Chef Lee Anne Wong has successfully made it to the final round of the Road to Redemption Web-series battle and this past Friday, Chef Estes also advanced, too (relive her battle below).
Making one dish in 30 minutes can be tricky, especially when you don’t know the ingredient in advance and the result has to be good enough to defeat your competitor. This was the situation for Chefs Wong and Cowan — both were seen running around Kitchen Stadium, gathering ingredients at record speeds. In between her mad dashes, viewers may have seen something shiny — Chef Wong’s golden clogs, to be exact. They caught our eye, as well. We recently caught up with her and asked her to dish on her kicks.
Chef Wong: I found a store in Venice, Calif., that does custom clogs. I figured golden clogs were the way to go. I ordered them and ended up waiting more than a month for them to be shipped to me back in N.Y. The first time I wore them I was throwing a party with Joey Campanaro at the Little Owl Venue. Needless to say, they have become my favorite pair of clogs (because I have enough clogs to outfit an entire kitchen of cooks with really small feet). They are a little beaten and worn, so I may need to send them back to get the gold leather refinished.
by Mallory Viscardi in Community, Holidays, October 22nd, 2012
When autumn hands you a bounty of butternut squash, what do you do with it? You could caramelize it with butter, roast it until tender or serve it with pasta, but you might also puree it into a thick, hearty soup. Butternut squash pairs well with other flavors of fall, like pumpkin and cinnamon, and Michael Chiarello’s Roasted Butternut Squash Soup recipe combines them all to create an in-season bowl of comfort.
To prepare, Michael first roasts butternut squash with a sweet and tangy mixture of balsamic vinegar and molasses before adding it to a pot of sautéed vegetables, coriander and a single cinnamon stick. A pass through the blender before serving guarantees that this hearty soup will turn out thick and smooth every time. For added texture, top each bowl with a dollop of creamy mascarpone cheese and a few crunchy pumpkin seeds before enjoying. Be sure to swap in vegetable stock or broth for the chicken stock to keep this meal meatless.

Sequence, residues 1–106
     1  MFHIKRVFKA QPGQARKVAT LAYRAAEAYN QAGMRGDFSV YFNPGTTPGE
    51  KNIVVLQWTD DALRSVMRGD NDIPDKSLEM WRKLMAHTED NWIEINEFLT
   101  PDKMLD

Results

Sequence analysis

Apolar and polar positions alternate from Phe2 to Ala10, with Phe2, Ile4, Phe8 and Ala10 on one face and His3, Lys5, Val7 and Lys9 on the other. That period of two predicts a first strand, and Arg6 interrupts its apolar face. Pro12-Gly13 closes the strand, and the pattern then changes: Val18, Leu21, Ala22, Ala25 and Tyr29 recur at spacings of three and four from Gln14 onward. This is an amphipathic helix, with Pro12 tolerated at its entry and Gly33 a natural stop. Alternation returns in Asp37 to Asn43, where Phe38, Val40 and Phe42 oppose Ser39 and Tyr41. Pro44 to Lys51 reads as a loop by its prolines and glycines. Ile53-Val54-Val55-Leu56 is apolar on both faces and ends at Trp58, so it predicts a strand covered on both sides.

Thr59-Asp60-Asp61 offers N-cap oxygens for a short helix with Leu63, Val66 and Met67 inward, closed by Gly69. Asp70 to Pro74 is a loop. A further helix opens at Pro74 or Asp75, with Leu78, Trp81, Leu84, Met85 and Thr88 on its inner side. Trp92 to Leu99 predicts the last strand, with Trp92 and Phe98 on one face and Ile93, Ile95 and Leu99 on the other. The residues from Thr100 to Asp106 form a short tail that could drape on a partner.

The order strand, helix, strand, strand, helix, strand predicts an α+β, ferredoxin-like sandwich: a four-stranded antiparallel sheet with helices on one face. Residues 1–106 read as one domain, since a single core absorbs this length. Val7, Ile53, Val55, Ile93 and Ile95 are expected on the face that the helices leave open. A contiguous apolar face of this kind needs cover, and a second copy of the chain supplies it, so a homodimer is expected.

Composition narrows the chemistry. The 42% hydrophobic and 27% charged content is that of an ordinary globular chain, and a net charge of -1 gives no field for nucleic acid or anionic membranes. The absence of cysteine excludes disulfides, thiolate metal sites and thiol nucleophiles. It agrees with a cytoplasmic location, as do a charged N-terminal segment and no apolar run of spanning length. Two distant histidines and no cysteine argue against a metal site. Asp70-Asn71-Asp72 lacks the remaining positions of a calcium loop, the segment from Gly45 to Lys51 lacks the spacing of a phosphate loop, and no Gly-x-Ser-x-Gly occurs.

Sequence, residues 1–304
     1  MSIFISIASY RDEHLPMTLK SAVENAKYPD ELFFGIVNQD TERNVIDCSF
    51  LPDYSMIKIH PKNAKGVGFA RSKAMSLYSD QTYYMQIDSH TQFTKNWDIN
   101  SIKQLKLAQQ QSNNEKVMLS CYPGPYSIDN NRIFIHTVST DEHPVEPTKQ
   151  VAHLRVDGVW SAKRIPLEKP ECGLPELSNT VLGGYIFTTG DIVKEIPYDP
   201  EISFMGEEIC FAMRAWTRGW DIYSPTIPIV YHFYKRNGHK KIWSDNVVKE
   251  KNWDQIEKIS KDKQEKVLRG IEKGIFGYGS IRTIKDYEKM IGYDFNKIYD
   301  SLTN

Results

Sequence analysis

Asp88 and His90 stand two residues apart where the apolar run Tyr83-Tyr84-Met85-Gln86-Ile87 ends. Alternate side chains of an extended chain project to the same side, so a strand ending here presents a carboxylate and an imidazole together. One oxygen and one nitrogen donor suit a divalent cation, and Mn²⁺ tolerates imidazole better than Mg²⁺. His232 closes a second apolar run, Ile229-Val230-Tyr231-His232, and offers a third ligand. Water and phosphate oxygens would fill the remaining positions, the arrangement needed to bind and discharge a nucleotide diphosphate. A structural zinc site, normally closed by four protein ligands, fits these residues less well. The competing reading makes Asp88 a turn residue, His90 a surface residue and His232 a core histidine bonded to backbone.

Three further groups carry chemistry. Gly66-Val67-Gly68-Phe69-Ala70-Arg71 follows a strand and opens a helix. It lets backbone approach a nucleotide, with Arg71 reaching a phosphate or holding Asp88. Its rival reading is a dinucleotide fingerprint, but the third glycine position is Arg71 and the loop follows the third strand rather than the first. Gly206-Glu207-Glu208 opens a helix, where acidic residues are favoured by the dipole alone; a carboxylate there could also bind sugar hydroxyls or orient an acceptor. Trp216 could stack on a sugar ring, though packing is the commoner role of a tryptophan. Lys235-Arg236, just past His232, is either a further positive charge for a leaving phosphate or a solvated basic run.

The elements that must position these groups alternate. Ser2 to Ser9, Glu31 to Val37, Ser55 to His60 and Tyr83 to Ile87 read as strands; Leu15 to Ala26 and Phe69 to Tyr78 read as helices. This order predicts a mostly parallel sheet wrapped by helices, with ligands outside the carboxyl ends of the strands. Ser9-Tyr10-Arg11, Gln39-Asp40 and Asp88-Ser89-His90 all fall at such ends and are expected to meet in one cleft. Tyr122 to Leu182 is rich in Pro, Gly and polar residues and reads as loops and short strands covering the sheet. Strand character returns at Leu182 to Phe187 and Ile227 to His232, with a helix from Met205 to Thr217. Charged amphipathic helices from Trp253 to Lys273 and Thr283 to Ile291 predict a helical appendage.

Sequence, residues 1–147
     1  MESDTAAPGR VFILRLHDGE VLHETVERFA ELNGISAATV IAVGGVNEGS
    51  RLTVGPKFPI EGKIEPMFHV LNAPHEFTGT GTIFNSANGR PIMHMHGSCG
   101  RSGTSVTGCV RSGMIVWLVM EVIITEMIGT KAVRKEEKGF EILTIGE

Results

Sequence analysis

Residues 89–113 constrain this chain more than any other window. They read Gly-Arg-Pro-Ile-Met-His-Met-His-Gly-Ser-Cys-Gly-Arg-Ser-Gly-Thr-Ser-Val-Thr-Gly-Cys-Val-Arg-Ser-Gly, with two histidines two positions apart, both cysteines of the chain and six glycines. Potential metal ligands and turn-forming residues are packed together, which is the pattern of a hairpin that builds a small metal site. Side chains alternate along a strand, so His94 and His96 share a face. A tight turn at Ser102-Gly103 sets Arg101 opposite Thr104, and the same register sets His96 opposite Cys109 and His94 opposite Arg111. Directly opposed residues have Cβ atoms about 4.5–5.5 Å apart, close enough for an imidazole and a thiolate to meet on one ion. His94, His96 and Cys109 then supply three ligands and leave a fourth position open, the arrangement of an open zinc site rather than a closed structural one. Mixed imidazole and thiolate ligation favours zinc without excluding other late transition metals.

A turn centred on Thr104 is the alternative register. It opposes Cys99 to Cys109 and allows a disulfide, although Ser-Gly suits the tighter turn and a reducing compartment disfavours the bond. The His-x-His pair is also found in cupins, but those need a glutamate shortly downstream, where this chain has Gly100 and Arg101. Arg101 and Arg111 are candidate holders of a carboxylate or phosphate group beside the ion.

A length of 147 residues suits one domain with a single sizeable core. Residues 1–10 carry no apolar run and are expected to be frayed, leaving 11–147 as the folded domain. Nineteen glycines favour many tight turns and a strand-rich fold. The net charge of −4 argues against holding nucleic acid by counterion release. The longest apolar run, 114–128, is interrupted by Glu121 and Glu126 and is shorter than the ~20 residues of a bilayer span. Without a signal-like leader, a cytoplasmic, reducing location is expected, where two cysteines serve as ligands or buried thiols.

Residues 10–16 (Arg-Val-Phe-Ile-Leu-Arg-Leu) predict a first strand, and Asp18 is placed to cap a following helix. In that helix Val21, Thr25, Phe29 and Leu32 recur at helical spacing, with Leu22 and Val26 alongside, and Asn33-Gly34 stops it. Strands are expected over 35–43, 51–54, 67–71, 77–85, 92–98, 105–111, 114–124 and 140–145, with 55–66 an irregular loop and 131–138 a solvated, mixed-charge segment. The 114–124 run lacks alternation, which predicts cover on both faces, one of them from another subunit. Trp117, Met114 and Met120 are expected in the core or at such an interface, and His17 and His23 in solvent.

by Simon Majumdar in Shows, October 21st, 2012
Join us on Wednesday for a Facebook chat with Food Network Kitchens about Halloween recipes and entertaining. Bring your spooky-food questions and let us help you take the fear factor out of hosting a memorable Halloween bash.
It kicks off this Wednesday, October 24 at 1pm/12c on Food Network’s Facebook page.
Next up to compete for that final spot in Season 5 are Chef Duskie Estes and Chef Roberto Treviño, both of who know all too well the pressures of competing to become The Next Iron Chef.
Although I was already very familiar with Chef Estes and her well-voiced determination to use local ingredients, this would be my first opportunity to witness the talents of Chef Treviño. I had, however, heard terrific things about his cooking, so knew we were in for a great battle.
The look on the faces of both chefs when Alton Brown revealed that the secret ingredient was coconut was worth the entrance money on its own. They both soon recovered and set about cooking two very different styles of dish. To be exact, Chef Treviño started cooking, while Chef Estes stared at her coconut for a few minutes like it was an alien and then hacked at it with a cleaver.